Adobe’s Big Move to Utah

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While California supports not quite 40,000 computer programmers—eight times the number in Utah—Utah employers pay nearly $10,000 a year less, on average, for their talent, according to the U.S. Bureau of Labor Statistics. That’s $76,150 versus $85,510.

[contextly_sidebar id=”b59108c290c1f021c5320aae7606ecf5″]The long, linear building incorporates a climbing wall and an indoor basketball court, unusual perks for the area, Francom said. It also has a full gym. It features a 10,000-square-foot atrium for all-hands meetings and approximately 1.5 acres of outdoor soccer fields, volleyball courts and a plaza with a fire pit. Thanks to its almost completely glass exterior, workers are able to connect with the natural world from almost any corner at any point in time. “We feel involved in the community because we can see the community around us,” Francom said. The building itself is largely open-plan with only 15 percent of the space devoted to private offices.

“We treated the freeway as though it were a natural phenomenon of the scale of the mountains. The energy of the freeway is part of the space,” said Bryan Shiles, a WRNS partner. “When you look to the northwest, it is a river of cars. When you turn 180 degrees, it is the mountain range and a beautiful green lawn. It is almost surreal.”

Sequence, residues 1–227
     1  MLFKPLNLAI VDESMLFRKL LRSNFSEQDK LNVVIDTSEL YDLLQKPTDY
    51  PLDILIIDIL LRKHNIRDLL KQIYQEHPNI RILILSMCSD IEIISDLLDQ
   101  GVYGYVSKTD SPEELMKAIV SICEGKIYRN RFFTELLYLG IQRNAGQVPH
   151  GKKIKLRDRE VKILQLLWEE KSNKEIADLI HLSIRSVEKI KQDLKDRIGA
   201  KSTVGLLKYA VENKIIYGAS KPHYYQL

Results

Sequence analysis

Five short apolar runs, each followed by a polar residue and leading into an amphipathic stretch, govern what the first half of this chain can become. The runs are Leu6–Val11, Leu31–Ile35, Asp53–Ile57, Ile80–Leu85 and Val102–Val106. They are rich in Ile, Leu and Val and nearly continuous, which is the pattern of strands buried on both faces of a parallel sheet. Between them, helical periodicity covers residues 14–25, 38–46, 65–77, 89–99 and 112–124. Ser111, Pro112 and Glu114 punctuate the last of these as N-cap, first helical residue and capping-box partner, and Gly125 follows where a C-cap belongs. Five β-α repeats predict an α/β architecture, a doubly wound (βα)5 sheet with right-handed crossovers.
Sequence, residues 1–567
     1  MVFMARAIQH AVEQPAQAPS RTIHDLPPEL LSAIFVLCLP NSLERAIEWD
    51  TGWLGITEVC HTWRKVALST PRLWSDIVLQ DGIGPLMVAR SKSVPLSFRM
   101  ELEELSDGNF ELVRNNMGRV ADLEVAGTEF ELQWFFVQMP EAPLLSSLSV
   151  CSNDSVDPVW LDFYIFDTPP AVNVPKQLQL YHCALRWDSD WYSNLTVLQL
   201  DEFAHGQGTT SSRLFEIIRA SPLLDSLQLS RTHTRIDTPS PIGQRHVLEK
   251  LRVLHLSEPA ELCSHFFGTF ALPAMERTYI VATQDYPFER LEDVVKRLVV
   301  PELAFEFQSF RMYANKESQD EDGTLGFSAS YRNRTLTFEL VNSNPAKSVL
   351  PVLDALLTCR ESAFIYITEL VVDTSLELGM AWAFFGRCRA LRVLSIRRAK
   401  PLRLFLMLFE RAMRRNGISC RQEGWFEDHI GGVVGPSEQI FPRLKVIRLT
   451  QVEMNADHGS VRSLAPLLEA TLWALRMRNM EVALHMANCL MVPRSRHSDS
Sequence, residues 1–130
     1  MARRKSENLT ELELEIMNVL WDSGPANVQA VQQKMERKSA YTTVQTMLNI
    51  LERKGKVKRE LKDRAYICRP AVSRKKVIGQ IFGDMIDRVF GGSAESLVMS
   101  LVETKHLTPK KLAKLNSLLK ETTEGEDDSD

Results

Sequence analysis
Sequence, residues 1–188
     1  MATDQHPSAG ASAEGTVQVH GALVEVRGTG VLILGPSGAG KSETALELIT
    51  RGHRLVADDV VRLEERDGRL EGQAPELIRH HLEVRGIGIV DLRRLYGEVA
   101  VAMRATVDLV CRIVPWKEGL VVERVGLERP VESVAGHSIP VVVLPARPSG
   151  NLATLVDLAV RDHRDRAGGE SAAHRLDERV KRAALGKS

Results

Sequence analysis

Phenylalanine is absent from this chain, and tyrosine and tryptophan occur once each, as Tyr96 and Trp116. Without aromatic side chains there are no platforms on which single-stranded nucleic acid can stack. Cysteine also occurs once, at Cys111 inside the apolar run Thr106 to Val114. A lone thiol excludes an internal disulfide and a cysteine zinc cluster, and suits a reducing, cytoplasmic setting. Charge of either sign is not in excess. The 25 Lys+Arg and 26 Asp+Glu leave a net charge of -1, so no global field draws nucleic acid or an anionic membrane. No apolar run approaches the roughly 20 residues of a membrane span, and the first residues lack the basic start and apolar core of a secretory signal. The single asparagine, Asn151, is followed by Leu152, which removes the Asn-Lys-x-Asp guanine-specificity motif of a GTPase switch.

WRNS and San Francisco’s Rapt Studio, which completed the building’s interior design, together helped Adobe select the 40-acre site from a short list the software company had prepared. The two architectural firms then designed the building’s interior and exterior as hand and glove. Adobe was prudent with its expenses but did not compromise its vision or ideals. “Projects like this are often run by the expediency of process and the economics of the deal,” said Rapt Chief Executive and Design Principal David Galullo. That was not the case here. No exit strategy helped craft the architecture or determine interiors.

“It surprised us when they said, ‘Push the boundaries and break the rules’” because much of what the company had done architecturally to that point was conservative, Galullo said. But it became obvious that the campus—the hub of Adobe’s Digital Marketing Group, its new Web-analytics arm—represents an inflection point for the company. “The architecture is a beacon for the new Adobe, a new sense of creativity and innovation that is shifting how they think of other projects, too,” he said.

Now in San Jose, in the west tower, the first one built, Adobe is transitioning away from floor plans dedicated entirely to closed offices, the gold standard for computer programmers at the time it was constructed. The new floor plan will adhere to the same low ratio of private offices as in Utah. But San Jose’s other towers will remain as they are—at least for now, Francom said.

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